I have been doing lots of drawing and painting this year. Subjects have varied as the years progressed. It started with a fascination for portraits which I captured in clay and paint. This then progressed to the natural world, which I was probably craving more of due to lockdown and realised when I had a two week holiday in Cornwall and created some landscape paintings. Finally to animals due to hatching some chicks.
This is a sketch of Uno, a silkie bantam chick, from our most un-succesful hatching. We had six eggs in the incubator but only Uno hatched. A quick trip to the wildfowl trust to purchase 2 more silkies meant Uno was not alone for long. We still do not know if Uno is male or female. His/her 2 friends are white silkie’s called Ice and Ivory. I try to name the chicks colour names, but am running out of colours.
Trying to remain focused and motivated to create can be hard at times. I am finding that I have to dig deep to find that inner drive, to switch off the news and the distracting thoughts to spend time in my sketchbook, as I know it will serve my health well if I do. If you are experiencing similar difficulties I wanted to share some pointers that I have used to overcome these blocks:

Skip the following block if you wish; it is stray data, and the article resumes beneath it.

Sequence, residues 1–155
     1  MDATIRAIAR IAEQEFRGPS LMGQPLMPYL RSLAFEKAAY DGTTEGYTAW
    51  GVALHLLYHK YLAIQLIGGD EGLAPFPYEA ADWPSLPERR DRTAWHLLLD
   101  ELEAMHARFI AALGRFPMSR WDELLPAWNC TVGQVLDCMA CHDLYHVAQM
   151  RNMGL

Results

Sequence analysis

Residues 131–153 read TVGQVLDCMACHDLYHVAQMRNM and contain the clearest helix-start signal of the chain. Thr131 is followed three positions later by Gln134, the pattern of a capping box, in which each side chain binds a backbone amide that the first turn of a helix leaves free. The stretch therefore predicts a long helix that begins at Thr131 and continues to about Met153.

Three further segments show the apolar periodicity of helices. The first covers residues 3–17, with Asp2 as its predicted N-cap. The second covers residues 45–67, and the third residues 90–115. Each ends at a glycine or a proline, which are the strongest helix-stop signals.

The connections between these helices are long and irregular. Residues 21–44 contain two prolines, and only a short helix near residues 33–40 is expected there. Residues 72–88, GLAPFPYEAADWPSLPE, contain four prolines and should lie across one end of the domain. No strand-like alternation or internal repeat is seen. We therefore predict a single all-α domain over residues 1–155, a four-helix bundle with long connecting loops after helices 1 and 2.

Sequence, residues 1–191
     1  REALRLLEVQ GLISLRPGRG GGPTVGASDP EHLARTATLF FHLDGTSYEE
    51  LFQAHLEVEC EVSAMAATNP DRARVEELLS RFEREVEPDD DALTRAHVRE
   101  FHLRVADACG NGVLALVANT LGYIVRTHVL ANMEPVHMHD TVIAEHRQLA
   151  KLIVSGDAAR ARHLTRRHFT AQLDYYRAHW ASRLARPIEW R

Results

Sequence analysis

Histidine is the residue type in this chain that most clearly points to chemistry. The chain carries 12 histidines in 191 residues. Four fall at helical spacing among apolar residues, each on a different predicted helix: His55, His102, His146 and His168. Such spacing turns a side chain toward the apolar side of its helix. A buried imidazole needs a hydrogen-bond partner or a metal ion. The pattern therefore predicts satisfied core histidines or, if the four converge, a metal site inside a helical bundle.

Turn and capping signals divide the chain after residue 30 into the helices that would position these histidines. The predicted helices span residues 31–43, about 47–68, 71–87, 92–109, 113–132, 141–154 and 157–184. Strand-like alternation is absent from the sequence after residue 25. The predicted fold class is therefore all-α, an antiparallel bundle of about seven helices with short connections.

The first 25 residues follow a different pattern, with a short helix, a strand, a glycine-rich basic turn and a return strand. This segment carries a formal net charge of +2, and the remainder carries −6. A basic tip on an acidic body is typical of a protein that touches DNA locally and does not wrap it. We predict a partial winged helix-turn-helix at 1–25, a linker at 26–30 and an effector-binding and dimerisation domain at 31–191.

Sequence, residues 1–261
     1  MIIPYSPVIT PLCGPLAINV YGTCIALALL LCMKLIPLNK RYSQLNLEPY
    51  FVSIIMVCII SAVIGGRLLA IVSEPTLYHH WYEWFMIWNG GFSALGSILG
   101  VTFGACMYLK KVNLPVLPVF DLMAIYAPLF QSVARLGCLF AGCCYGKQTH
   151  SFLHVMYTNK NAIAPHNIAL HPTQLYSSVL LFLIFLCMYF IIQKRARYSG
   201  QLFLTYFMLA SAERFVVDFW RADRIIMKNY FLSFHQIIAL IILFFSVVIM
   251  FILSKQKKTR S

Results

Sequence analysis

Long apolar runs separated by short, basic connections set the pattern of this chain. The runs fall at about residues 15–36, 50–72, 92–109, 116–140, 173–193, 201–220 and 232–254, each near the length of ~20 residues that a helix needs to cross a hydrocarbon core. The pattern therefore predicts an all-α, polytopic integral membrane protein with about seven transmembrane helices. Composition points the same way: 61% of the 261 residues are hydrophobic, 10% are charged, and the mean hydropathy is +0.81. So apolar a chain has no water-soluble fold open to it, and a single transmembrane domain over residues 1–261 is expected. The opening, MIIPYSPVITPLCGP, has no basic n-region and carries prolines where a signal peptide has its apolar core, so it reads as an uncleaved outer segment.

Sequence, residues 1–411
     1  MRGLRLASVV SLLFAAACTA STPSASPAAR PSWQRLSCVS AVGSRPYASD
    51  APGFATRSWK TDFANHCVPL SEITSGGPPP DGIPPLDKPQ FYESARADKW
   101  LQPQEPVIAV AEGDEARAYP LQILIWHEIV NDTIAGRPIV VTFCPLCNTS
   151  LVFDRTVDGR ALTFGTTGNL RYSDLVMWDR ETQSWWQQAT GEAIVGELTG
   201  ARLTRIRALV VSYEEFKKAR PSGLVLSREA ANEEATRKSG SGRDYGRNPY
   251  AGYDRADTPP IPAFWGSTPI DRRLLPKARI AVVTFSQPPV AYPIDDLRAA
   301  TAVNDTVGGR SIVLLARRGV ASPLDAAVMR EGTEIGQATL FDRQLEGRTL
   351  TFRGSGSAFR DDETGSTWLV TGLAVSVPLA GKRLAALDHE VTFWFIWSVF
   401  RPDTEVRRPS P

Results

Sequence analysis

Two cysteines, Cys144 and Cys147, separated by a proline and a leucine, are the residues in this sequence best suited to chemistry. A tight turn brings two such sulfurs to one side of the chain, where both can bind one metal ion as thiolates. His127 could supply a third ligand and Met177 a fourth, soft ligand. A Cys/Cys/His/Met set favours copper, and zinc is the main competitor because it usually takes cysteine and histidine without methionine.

Release those social media binds
Taking time off social media. Social media experts talk about how important it is to post regularly and to have a consistent theme, which I tried and can admit found quite exhausting. Then I listened to a You Tube video by Ergo Josh who gave a really good reason about not posting regularly and how it can make us Artists too focused on likes. He advised taking break and enjoying the process. Making for makings sake. I liked his advice and thought it was a refreshing change and that I would give it a go. The result was so liberating. I personally did not even realise that the regular posting was stifling my output as my subconscious was considering if what I was making would fit in with my social media feed. The video can be found here
With this new mindset I experimented in my sketchbook, feeling safe in the knowledge that what I did never had to be seen. It resulted in trying new techniques, materials and really enjoying the process. It was like returning to Art School, and I still have not returned to my social media with regular feeds, that was 3 months ago.
Personally I really recommend taking a break from social media occasionally and giving yourself some time to play, experiment without the constraints of thinking it has to be shared. The result can be some new ways of working and fun trying out new processes.
Committing to regular daily practice
Block out a regular time to create, it may be for just 5 minutes, but just committing to spending time each day is really good to form new routines and habits.